CONTINUUM OF CARE

The Continuum of Care (CoC) Program is designed to promote communitywide commitment to the goal of ending homelessness; provide funding for efforts by nonprofit providers, and State and local governments to quickly rehouse homeless individuals and families while minimizing the trauma and dislocation caused to homeless individuals, families, and communities by homelessness; promote access to and effect utilization of mainstream programs by homeless individuals and families; and optimize self-sufficiency among individuals and families experiencing homelessness.

MDHA serves as the Collaborative Applicant for HUD competitive Continuum of Care (“CoC”) funding.  The Metropolitan Nashville-Davidson County government response to issues of homelessness are coordinated by the Metropolitan Nashville Homeless Impact Division of Metropolitan Social Services.  This includes serving as the Homeless Management Information System (HMIS) Lead entity, leading Coordinated Entry, and primary staffing for the Homelessness Planning Council.  For more, follow the links below.

All citizens in Nashville are welcome to join the Continuum of Care. Please complete the Continuum of Care Membership Form below. The form will help the Membership Committee compile and track all membership request.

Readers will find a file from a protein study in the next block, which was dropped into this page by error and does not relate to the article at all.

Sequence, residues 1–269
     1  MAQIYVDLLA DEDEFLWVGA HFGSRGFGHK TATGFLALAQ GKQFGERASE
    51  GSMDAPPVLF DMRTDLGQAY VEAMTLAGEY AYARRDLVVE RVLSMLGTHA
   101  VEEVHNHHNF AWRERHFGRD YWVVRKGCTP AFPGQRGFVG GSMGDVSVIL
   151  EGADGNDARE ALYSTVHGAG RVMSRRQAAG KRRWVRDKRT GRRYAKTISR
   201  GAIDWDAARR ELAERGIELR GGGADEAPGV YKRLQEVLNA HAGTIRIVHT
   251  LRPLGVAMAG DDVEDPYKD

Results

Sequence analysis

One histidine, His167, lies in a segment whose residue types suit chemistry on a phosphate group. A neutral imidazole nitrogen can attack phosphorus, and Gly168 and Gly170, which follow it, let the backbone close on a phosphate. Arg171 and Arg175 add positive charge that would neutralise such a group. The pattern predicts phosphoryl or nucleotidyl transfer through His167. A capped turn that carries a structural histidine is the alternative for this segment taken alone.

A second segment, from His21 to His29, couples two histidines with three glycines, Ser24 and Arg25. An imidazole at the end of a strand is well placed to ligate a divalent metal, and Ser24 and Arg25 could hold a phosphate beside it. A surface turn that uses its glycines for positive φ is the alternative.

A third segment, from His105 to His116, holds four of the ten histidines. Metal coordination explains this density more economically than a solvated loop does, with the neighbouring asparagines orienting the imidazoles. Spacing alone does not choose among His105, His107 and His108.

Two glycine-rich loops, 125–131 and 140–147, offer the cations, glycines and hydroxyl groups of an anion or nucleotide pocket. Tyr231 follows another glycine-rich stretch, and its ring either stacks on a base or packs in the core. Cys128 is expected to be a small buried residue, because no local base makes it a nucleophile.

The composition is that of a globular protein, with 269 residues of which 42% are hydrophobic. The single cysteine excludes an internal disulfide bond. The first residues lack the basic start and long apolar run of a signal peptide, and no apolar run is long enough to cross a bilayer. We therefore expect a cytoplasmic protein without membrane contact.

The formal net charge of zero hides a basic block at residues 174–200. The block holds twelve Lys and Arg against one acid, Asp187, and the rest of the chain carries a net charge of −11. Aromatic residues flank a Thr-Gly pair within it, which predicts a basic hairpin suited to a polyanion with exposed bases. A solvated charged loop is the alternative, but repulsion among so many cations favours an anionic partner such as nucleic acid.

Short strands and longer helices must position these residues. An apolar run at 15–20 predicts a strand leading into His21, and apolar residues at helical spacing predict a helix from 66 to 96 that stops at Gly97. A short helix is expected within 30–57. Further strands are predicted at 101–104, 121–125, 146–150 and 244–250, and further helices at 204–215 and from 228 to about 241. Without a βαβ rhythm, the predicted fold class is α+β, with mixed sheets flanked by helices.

Continuum of Care Membership Form

In the summer of 2019, the Data Committee of the Nashville-Davidson CoC administered a voluntary survey to staff across member agencies. Our goal was to learn more about the homeless service workforce and take a beginning look at workforce equity and inclusion across agencies, with a focus on racial equity. HUD prioritizes funding to communities that are assessing their systems for racial disparities in services offered and outcomes achieved (and, where found, developing action plans to address them). This workforce survey is one part of our CoC’s effort to conduct these assessments.

We asked respondents for demographic information, including race, gender, ability, and lived experience. We also asked about perceptions of how well those working in homeless services reflect people served, perceptions of equity across hiring and advancement, and barriers and facilitators to participating in professional development opportunities.

We found that:

  • The majority of respondents were White – 74% of frontline staff and 82% of senior management.
  • Among different aspects of lived experiences asked about, 13% reported having lived experience with homelessness.
  • There was more agreement that frontline staff reflected the race, ethnicity, and lived experiences of people served than staff in supervisory or management roles.
  • On average, staff of color reported less opportunity to move up or be promoted in their agency.

Findings such as these are not uncommon in human service agencies. Across the country, the homeless service field is working on tackling racial inequity, and a number of workforce reports show similar trends. Although we are not alone in these challenges, we hope to work together to address them. Based on these and other findings, the Data Committee drafted specific recommendations for member programs, committees, and the CoC to: